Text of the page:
I am a Trinitarian Christian but I do not believe in a “Triune God.” I believe in an infinite God. The original formulation of the doctrine of the Trinity is that Father, Son, and Holy spirit are separate persons but only one God. The number three doesn’t really come into it, and is more a matter of our own limited understanding and experience of God rather than any limitations upon God Himself. Making this about the number three tends to modalism as people struggle to understand, why three? But it really isn’t about the number three.

That is indeed the essence of the doctrine of the Trinity. And even the Biblical evidence is far from convincing. What finally convinced me of this was Philippians 2:6. But then I wasn’t raised Christian – but rather in psychology, liberalism, and criticism of the Christian establishment. I gathered my beliefs by myself for my own reasons… very different from the usual ones.

Not an issue in the context of our understanding of time in modern science, where we don’t believe in the notion of absolute time anymore. Time is simply an ordering of a set of events and there is no reason to believe that all events must be ordered together. Even in the universe it is not ordered like in a motion picture film as a sequence of snapshots strung together – but in a Minkowsky conical way.

science cannot speak to the question of God’s existence at all.

Science is the easier topic frankly for someone who is intelligent and questioning. It is ok to focus on that for a while and revisit the question of religion later. Might want to explore the world of philosophy first too as I did. An objective approach which it sounds like he favors would also want to look at ALL religion first before focusing on just one.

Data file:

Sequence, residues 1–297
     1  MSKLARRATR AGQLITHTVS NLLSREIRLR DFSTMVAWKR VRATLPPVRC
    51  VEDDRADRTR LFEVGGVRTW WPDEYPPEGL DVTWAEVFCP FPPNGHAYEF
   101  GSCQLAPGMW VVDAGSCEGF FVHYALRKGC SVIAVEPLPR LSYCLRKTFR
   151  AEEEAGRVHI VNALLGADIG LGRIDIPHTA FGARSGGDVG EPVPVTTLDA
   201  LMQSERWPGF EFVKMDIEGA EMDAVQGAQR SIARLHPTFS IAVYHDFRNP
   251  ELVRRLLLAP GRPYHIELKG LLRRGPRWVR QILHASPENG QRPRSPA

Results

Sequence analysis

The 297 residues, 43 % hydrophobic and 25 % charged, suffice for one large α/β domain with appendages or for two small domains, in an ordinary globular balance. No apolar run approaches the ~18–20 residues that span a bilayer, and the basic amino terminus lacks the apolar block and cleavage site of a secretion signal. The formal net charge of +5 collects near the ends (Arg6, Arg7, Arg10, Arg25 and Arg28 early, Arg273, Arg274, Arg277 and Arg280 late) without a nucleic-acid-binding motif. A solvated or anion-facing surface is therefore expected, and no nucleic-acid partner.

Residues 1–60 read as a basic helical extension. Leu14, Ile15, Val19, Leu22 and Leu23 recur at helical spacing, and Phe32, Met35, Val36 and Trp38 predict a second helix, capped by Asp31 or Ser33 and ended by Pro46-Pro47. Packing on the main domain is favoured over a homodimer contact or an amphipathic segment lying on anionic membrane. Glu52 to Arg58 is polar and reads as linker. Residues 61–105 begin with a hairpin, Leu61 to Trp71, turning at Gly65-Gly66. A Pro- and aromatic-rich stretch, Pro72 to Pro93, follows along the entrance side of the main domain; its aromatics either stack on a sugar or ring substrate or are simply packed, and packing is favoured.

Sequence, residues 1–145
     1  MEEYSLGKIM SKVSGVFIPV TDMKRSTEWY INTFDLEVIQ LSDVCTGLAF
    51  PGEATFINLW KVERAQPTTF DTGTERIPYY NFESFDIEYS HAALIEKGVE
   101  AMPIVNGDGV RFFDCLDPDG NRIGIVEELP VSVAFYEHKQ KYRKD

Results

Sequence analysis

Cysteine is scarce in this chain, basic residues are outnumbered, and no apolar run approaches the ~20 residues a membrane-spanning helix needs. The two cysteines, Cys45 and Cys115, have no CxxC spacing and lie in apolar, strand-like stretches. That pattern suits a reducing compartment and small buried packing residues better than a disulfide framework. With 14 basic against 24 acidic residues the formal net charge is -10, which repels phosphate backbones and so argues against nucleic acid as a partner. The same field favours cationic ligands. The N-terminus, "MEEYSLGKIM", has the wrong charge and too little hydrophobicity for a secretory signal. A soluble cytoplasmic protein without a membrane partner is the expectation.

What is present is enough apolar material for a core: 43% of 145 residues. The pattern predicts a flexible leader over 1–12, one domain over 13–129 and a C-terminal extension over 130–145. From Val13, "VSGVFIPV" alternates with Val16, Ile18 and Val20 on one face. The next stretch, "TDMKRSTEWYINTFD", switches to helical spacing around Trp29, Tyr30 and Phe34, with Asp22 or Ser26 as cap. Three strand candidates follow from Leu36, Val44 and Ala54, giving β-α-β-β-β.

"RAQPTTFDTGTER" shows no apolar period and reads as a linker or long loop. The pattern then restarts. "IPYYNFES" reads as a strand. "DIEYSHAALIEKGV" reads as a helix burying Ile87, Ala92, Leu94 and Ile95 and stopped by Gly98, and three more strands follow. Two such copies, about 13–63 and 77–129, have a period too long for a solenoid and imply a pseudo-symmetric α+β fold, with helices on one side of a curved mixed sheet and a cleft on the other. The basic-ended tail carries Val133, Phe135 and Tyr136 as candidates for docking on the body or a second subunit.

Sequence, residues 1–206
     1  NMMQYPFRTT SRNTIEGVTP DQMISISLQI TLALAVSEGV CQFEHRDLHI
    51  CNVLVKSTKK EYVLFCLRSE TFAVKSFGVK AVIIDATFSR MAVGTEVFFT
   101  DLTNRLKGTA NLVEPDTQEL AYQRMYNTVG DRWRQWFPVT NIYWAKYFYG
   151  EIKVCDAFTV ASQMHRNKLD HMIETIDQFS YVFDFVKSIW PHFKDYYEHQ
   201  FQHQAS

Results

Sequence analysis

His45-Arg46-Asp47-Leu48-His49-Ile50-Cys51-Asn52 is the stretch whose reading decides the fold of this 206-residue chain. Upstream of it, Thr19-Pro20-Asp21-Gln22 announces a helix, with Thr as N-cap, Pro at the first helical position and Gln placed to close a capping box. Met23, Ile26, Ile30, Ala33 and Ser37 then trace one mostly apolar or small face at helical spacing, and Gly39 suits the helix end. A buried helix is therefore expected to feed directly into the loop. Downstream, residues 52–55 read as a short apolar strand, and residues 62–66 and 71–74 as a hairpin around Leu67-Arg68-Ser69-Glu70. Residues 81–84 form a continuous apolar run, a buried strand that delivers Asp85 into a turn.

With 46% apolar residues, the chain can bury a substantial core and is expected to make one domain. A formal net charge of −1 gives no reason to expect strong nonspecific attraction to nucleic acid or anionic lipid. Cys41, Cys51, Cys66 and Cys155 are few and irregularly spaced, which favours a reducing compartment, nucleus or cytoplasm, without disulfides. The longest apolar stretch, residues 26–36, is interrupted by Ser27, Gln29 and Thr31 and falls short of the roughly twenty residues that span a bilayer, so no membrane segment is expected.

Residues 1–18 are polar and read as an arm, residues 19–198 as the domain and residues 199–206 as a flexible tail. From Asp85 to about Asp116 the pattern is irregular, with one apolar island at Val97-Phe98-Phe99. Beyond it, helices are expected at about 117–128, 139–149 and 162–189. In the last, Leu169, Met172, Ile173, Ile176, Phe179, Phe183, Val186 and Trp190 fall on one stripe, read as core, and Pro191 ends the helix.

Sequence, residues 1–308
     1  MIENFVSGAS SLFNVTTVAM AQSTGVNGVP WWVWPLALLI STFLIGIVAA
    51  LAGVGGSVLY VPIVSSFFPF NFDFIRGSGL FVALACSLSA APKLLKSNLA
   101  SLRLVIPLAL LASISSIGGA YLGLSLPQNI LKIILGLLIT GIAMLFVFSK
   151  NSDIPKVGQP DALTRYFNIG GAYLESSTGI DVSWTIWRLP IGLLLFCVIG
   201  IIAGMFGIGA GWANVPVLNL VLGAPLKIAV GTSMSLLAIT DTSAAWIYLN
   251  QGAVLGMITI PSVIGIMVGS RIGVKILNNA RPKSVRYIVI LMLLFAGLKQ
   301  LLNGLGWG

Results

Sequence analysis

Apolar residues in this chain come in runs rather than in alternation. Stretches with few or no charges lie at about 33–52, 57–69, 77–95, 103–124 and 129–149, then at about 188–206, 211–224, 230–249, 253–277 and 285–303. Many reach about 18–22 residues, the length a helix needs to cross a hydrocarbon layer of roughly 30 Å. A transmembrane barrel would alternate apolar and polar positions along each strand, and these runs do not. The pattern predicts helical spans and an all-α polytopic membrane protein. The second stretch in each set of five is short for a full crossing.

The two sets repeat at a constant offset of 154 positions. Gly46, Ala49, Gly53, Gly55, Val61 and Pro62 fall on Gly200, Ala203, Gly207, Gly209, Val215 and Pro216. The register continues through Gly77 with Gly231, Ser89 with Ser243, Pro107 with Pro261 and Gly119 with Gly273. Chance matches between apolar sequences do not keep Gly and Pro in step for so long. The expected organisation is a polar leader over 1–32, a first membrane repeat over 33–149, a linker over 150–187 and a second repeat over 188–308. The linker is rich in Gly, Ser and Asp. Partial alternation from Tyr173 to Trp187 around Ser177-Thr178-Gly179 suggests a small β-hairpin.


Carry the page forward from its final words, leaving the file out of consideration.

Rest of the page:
Mine is a masters in physics and a masters of divinity.

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Mitchell, thanks for your response. Yes, modalism is a heresy. I thought that “triune” and “trinity” were synonyms. I certainly didn’t intend for modalism, and triune wasn’t a word I used with my son. I just wrote it on here to be clear that I meant three Persons, one God.

Marty, thank you for your thoughts. Yes, you’re right–certainly ontology points back to a creator. One thing I’ve been musing about, and maybe you can help me find links to articles on BioLogos or a discussion in the forum that speaks to how people are putting together we humans as being created in the image of God while having evolved from a common ancestor.

Klax, why do you say that eternity is a neutral fact? Can you give me a little more detail?

Randy, thank you for sharing and normalizing this for me. :slight_smile: I remember being around my son’s age and getting lost thinking about the other “end” of Eternity, that is to say, how could we possibly live with God forever and ever and ever… I think talking about the mystery and conceptualizing is a good point.

We love reading to them, and we’ve read both MacDonald’s Princess books. I hadn’t heard to The Boyhood of Ranald Bannerman, so thank you for that. I’ll look into it. We bought Science Geek Sam, and I plan on reading that to them. And I, personally, have been wanting to read Lewis’s Space Trilogy, so maybe we should just read that to them.

I agree–I think that it’s actually beneficial to admit that we don’t know something. If nothing else, it helps to model how not to be humility. Austin Fischer’s quote and Boyd’s concept…so good, thank you!


Hi Kristy. It’s true of nature whether it’s in God or not. And it changes everything.

“Let your conversation be always full of grace, seasoned with salt, so that you may know how to answer everyone.” -Colossians 4:6